Here's the thing. We can talk about gender and its relationship to climate, the role of women in the battle against climate change, and the effects of climate change on gender all day everyday. That dialogue is happening around this subject is an acceptible reality. Climate change is (rather should always be) a critical topic of discourse. What we can't do is talk at the people most affected. We can't simply talk around them, study them, think about them, and convene conferences in their name.
More importantly, the affected must be allowed to voice their opinions, their concerns, their realities, and their solutions. Climate change doesn't just severely affect nameless, mass groupings of peoples. It touches, destroys and transforms the lives of real people, who are simply separated by geography and economic status.
Here at C4C, we feel that your personal stories matter, that they are important to consider as we all gear up to find solutions that will allow us to live happier lives and survive an ever changing environment.
Everyone should tell their stories, if for nothing else than for that one chance that someone will hear it and relate to our lives, our struggles, and our ambitions. Tell your stories so that you can emerge from under the weight of being a number, a statistic, an unidentified face in the crowd.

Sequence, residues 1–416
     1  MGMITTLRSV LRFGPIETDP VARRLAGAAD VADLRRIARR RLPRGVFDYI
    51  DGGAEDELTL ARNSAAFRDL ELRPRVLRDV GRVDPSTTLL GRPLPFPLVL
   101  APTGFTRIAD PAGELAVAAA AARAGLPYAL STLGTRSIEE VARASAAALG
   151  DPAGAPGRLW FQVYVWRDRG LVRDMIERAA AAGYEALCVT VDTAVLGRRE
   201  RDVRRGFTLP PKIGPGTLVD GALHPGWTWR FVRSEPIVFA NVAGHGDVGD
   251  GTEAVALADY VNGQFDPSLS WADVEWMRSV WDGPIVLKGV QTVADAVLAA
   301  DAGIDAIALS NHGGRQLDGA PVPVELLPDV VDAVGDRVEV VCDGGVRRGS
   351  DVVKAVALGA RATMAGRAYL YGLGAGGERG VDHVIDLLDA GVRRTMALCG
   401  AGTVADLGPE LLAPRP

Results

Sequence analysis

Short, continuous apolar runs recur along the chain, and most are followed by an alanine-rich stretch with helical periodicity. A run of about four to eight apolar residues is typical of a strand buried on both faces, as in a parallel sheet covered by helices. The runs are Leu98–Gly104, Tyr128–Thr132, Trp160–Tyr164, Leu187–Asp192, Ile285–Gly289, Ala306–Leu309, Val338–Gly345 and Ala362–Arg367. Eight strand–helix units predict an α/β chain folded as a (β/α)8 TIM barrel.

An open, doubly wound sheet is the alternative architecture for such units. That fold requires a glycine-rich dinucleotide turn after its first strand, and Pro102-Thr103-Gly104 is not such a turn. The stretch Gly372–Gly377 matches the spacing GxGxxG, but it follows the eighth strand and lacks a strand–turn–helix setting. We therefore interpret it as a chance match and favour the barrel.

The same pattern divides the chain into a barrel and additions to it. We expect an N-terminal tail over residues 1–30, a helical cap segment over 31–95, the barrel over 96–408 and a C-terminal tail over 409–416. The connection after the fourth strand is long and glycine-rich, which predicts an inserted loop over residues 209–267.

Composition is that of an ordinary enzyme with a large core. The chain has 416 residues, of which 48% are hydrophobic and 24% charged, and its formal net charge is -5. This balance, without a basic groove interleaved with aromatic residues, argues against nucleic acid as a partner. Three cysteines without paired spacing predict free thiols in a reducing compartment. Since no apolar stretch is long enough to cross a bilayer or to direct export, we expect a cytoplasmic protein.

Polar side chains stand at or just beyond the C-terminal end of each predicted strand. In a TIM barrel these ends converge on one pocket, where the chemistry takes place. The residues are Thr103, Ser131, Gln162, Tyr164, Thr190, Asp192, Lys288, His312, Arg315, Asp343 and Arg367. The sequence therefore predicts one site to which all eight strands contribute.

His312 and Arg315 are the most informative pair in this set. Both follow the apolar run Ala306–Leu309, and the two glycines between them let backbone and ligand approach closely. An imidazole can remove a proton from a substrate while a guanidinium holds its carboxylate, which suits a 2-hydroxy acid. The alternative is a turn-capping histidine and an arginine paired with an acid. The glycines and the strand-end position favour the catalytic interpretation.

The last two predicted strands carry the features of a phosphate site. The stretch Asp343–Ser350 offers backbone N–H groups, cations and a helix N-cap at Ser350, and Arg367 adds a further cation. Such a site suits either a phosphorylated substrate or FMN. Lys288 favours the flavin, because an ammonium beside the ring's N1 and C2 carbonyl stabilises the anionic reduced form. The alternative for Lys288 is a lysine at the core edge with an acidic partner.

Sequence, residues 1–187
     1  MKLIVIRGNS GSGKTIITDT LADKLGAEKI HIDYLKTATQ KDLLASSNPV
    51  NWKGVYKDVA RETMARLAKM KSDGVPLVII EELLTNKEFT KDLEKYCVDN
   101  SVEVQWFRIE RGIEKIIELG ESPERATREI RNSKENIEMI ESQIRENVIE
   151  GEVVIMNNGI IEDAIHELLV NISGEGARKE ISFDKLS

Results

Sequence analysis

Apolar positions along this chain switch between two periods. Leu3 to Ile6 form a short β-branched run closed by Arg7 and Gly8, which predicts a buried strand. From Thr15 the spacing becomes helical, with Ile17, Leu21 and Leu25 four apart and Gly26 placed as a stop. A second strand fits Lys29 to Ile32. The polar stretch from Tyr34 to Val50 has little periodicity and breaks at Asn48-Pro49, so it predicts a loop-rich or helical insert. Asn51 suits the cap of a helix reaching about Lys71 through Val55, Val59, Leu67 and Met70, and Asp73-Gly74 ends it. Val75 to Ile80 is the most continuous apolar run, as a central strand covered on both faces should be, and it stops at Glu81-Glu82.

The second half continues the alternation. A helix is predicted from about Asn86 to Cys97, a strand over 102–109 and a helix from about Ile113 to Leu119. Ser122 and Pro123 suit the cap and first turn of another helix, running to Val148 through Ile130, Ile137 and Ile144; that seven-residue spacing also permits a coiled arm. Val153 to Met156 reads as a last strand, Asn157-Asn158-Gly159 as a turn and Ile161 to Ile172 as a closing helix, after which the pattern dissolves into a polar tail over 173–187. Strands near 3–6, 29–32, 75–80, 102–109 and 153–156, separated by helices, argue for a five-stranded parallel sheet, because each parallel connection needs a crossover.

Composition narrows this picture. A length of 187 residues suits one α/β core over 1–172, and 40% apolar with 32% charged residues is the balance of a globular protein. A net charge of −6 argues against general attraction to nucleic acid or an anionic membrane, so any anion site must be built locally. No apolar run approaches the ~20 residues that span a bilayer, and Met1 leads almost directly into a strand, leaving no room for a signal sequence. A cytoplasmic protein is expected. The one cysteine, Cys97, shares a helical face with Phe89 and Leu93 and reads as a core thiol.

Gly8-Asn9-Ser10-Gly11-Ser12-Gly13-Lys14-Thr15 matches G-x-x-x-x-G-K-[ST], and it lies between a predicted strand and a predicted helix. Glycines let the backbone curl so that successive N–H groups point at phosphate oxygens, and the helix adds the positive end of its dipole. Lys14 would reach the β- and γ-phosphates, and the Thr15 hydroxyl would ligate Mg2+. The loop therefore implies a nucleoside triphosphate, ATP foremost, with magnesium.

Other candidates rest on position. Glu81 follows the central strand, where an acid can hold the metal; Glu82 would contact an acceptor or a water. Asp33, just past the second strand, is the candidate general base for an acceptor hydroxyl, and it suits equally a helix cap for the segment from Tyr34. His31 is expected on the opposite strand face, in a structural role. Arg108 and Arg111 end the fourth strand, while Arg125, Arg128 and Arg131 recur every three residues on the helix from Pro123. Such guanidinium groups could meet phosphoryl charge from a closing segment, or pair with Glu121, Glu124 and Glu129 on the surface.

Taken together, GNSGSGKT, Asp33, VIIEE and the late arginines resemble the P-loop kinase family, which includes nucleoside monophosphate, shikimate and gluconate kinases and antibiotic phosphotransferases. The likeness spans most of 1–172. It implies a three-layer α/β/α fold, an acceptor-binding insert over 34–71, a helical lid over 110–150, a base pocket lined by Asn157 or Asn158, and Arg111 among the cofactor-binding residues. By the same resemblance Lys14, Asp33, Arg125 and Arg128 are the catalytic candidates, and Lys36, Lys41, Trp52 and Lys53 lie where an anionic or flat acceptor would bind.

Today, we decided to let Africa speak for herself. We interviewed Milly Kugonza. She is a mother, wife, preacher, and an elected official in a small village of Kikuube in Uganda. The village has no access to electricity, or running water - two of the categories we discuss weekly. But Milly's story isn't simply about highlighting a woman in an African village, her story is the start of connecting the many threads that make up the global human tapestry we live under.
Milly shares how her village deals with climate change. She talks about the challenge of accessing water during dry seasons and the creative ways in which her community has devised to harvest rain water. These are challeges and solutions that would really apply anywhere on the continent.
How does Milly's experience resonate with you? Could you use some of the solutions her village uses in your life or in your community? Climate change might impact us in various ways, but one thing that unites us all is the desire to make the best of out of life.
The transcription of this short interview, is posted below:
[Milly] I want to talk about the climate change this year. We’ve had a lot of rain, which has [changed the month of June?] Usually, we get the […] rain from March up to May. And June is a harvesting month. It is usually dry in June up to July, and people are harvesting during that period. But since June of this year, the rains have gone on and on, and the harvest that was supposed to be there from June up to July was not done so well. Because, ah, for example, the beans did not dry very well, so the harvest was poor. Since then, the rains have gone on and on, until now. This is November. November is supposed to be a dry month, a dry season, starting from late November up to March. But up to now we are still having a lot of rain. That has affected us in such a way that we cannot harvest our crops very well. And they are not drying, which leads to them being rotten. Some of them get rotten, and some of them don’t get dried, so we end up having a very poor harvest. Near the harvest season up to this time. The June one was not done very well. Even this one is poor, surely. So that’s how this climate change has affected us.
[Teddy] And I wanted to know, how long has it been since the weather was predictable?
[Milly] Since climate change?